At the end of each semester, every professor distributes course evaluation forms to all of their classes. These forms are filled out by the students and put in a sealed envelope that is taken to the department chair. From there, each department can choose how the forms are used for the improvement of the courses.
In some departments, every teacher is responsible for designing their own course evaluation forms. In others, the faculty comes up with the surveys as a department. Because of the loose formatting standards for these surveys across the board, there is a lack of uniformity between classes and between departments.
These evaluations are very important to curricular design, but there are a number of fundamental problems that must be addressed before they can be an effective meterstick of a course’s success.
The first major problem is how seriously students fill out the evaluations. The professors use the students’ criticism and recommendations to further develop their courses. If the students do not take the surveys seriously, then the professors will not have any constructive suggestions to work with.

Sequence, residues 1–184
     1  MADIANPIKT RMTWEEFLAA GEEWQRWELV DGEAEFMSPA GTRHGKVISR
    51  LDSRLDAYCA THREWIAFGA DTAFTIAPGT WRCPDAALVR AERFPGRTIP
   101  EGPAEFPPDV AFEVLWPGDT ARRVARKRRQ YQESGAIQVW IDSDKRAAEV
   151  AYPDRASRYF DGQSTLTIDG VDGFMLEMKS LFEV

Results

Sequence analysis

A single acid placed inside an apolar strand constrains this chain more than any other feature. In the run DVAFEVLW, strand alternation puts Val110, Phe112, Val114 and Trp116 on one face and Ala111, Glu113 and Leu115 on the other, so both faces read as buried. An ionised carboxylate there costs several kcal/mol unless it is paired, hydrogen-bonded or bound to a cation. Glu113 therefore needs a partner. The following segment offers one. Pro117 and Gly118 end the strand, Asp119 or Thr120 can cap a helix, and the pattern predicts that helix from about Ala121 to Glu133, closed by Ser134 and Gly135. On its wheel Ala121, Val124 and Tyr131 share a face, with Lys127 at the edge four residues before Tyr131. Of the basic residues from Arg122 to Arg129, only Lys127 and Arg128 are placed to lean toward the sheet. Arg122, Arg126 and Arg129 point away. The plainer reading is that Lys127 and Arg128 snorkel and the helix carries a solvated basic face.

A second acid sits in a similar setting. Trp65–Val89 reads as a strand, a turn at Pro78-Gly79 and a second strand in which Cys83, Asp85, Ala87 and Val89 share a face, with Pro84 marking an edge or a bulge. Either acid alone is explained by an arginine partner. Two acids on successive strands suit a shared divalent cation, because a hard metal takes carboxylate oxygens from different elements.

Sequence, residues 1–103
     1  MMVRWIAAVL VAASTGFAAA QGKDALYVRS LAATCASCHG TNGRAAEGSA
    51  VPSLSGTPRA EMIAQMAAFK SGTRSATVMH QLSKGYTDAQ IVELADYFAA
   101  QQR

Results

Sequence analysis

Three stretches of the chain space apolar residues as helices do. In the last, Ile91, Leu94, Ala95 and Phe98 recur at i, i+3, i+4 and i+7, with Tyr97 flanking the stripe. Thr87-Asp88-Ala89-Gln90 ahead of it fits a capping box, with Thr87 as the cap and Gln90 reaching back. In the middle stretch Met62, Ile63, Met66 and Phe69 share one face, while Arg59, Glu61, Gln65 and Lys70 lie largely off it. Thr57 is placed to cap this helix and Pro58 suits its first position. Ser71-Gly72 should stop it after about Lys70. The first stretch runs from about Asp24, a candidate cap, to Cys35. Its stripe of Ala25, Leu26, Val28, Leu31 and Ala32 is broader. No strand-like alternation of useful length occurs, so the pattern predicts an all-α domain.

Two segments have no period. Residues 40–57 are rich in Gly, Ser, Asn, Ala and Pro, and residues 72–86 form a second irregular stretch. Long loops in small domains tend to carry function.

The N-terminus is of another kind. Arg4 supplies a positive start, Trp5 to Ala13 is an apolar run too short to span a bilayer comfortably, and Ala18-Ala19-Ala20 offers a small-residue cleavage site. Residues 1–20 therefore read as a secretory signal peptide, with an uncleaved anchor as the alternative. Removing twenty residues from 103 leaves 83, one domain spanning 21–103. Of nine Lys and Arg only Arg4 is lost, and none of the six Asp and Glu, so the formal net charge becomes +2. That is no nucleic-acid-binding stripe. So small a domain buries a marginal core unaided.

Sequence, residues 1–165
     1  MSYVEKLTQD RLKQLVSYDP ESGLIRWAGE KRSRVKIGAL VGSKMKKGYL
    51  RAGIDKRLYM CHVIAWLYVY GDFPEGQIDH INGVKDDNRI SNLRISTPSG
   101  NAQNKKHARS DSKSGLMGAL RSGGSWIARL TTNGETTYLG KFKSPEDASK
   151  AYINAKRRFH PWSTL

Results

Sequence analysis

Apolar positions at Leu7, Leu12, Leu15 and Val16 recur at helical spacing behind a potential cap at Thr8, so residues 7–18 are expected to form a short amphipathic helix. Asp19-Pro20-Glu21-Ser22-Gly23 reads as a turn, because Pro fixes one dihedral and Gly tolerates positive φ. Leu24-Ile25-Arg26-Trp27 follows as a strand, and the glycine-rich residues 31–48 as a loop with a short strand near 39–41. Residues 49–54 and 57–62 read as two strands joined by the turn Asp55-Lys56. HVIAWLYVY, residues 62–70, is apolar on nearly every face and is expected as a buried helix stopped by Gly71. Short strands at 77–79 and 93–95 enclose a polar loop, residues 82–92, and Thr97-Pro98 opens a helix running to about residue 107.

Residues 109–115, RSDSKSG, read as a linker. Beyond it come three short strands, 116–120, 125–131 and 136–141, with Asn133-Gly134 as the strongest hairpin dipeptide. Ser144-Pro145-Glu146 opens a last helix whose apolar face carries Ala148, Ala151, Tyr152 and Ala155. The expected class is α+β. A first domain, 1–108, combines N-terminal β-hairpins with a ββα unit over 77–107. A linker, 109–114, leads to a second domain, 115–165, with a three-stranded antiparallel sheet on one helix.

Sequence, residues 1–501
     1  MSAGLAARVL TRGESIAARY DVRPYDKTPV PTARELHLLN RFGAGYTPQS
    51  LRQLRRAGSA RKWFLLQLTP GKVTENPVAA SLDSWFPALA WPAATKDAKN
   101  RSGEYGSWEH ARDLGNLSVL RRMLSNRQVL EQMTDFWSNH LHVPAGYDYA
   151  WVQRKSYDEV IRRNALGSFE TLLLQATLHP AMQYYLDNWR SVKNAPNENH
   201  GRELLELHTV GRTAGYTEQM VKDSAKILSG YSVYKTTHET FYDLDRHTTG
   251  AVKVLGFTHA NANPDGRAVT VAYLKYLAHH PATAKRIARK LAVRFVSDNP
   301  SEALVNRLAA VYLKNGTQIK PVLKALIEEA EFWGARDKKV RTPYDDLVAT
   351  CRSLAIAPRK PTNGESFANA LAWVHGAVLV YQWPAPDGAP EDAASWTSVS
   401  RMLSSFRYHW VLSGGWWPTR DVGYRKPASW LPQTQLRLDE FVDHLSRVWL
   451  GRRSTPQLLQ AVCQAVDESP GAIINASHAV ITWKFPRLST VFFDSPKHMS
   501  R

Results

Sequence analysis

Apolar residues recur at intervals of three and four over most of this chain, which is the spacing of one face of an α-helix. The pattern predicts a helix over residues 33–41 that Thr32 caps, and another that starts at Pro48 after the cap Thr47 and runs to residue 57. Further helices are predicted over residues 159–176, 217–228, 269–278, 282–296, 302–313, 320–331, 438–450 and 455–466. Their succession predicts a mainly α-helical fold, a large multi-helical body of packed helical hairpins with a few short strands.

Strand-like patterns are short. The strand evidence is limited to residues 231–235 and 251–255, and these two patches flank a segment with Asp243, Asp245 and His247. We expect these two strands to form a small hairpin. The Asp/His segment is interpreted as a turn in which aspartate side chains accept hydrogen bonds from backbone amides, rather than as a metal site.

This problem can be addressed if the evaluations themselves are restructured. Currently, there are no universal criteria to which the surveys must conform, leaving some departments with very ineffective evaluation forms. The University must institute standards that clearly outline what the forms must include; this will create a much more effective measure of how well the courses are received by the students.
The Boler School of Business serves as a good model for effective course evaluations. We believe that they should be commended for their thorough collections and analysis of their feedback.
The Boler School uses two types of criteria. The first is quantitative, giving students a series of questions that can be answered on a scale of one to five. The next criterion is qualitative, asking specific questions about the professor and how the class was conducted.
The quantitative information is processed and analyzed to come up with a concrete list of how effective their courses are and which areas they need to improve. The qualitative responses are given to the professors so they can revise their individual classes as necessary.
The other schools should conform their surveys to the Boler School model. Uniform class evaluation forms would provide a more comprehensive analysis of the classes. We also believe that a central office for review is a necessary facet of the evaluation process.